GRAHAM Harvey is best known as the agricultural story editor of The Archers – but he is so much more than a contributor to the world’s longest running radio soap opera.
The clue is in the word “agricultural” because Harvey is passionate and knowledgeable about farming – real farming, farming that cares about the soil, the land, the animals, the wildlife, and the people who make their living on the land.
He demonstrates this passion and his philosophy of farming in his new play, No Finer Life, which came to Sherborne’s Digby Memorial Hall at the end of its autumn tour, as the guests of the town’s CPRE branch.
It is a one-woman show, that tells the true story of a man who rented a small Cotswold farm with his brother, who fought for traditional small farmers – the people who had fed the country through the war – and who remains an inspiration to traditional family farmers and to the new generation of young people who are making a living on the land.
No Finer Life – the words are part of the refrain in a song by composer-musician Alastair Collingwood, which runs through the play – is told in retrospect by the elderly Elizabeth Henderson, looking back to the last years of the Second World War when, as a teenager from Somerset she went to work as a farming pupil on George Henderson’s Oathill Farm.
George was already something of a celebrity. In 1944 he had published a book called The Farming Ladder which sold 100,000 copies. It was the story of two young London brothers who in 1924 scraped together the money to rent a small farm, at a time when agriculture was going into deep recession. Their careful husbandry of the land and their livestock turned the farm into one of the most productive in England. By the start of the war, it was attracting bus-loads of farmers keen to see how farming could continue in a time of national crisis.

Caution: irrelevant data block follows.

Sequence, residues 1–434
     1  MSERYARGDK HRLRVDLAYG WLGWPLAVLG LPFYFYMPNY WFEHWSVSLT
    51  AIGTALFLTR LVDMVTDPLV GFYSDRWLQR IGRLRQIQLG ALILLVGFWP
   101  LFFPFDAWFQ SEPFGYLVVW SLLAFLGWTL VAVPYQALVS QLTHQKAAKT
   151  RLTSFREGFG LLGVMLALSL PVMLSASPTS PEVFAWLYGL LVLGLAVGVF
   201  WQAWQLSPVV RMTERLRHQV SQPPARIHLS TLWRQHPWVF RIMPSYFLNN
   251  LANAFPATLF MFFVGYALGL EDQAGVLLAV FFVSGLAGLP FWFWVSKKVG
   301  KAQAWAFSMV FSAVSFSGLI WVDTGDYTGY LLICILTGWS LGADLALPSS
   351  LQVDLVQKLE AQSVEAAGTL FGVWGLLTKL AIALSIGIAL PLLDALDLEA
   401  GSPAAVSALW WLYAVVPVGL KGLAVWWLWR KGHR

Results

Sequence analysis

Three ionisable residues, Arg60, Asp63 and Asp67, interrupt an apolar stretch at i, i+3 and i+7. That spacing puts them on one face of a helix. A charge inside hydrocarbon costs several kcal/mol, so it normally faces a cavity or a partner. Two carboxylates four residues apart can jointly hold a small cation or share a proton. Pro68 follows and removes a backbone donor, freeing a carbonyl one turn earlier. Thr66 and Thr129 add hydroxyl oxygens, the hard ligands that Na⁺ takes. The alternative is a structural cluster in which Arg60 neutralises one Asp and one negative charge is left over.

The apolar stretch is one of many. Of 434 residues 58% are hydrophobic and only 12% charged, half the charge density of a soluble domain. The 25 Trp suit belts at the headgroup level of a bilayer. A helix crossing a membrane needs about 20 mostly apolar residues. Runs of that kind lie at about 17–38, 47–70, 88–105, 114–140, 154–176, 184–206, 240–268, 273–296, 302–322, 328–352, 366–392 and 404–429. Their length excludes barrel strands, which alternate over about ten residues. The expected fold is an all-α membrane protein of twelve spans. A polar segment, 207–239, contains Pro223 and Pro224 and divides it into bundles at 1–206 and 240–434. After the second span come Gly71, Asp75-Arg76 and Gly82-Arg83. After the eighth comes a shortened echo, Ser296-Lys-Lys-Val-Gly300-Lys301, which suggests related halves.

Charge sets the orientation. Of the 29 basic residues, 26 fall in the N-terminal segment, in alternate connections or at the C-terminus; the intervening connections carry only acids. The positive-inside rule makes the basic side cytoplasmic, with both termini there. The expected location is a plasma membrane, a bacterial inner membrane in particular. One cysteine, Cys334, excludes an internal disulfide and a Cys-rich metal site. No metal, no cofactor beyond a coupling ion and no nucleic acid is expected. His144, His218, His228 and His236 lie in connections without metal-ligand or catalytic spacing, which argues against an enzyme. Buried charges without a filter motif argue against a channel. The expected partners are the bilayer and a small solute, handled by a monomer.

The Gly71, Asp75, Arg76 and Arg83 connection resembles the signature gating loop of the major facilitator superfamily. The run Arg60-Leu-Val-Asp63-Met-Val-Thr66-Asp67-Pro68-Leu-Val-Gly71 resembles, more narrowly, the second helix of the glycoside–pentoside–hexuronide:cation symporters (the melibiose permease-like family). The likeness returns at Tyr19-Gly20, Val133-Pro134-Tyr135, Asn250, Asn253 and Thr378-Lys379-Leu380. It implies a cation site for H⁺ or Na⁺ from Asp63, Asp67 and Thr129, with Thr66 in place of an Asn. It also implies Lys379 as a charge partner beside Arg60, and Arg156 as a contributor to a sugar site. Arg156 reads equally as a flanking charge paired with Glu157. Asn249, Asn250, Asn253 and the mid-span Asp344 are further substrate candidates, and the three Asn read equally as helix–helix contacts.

George was an organic farmer by instinct, by an absolute conviction of the need to keep land in good heart and the soil well fed by natural matter (manure) – Elizabeth recalls the hard work of shifting muck heaps – and the benefits in terms of productivity of crops, healthy animals, wildlife and a flourishing ecology.
He wasn’t afraid to speak his mind, threatening to throw a pushy fertiliser salesman onto the muck heap, tackling the post-war Farming Minister over his support for subsidies to enable farmers to buy fertilisers (to increase production) and challenging farmers who were ditching old but successful farming methods in favour of the new chemical systems.
QED, you might say, if you share Graham Harvey’s concern about the damage these chemicals have done to the soil, the loss of meadows, wildlife, birds, flowers and insects from the countryside.
It’s all there in No Finer Life – but don’t imagine for a moment that it is a 90-minute polemic. It’s a hugely entertaining play, with laughs, tears, heart-stopping moments, and a host of characters from George, Elizabeth and George’s crusty difficult mother to the self-important government minister and Jack, the dashing young airman whose passion to become a farmer after the war keeps him going through D-day and the long journey to victory in Europe.
Every character – including Elizabeth at 19 and 90 – is played by Rebecca Bailey, a multi-talented actress and singer, with a host of expressions and voices. She is a veteran (young, admittedly) of the Edinburgh Fringe.
The play is ably directed by James Le Lacheur, and Dogwood Productions is planning another tour in the spring – watch the FTR for news of any future dates in our region.
• Graham Harvey has written more than 600 episodes of The Archers. His plays include The Darkness of the Sun, the story of writer Henry Williamson, and his books include The Killing of the Countryside and The Carbon Fields.
Pictured: The real Elizabeth Henderson meets actress Roberta Bellekom, daughter of Dogwood producer and former director of The Archers, Anthony Bellekom; George Henderson’s book which inspired it all.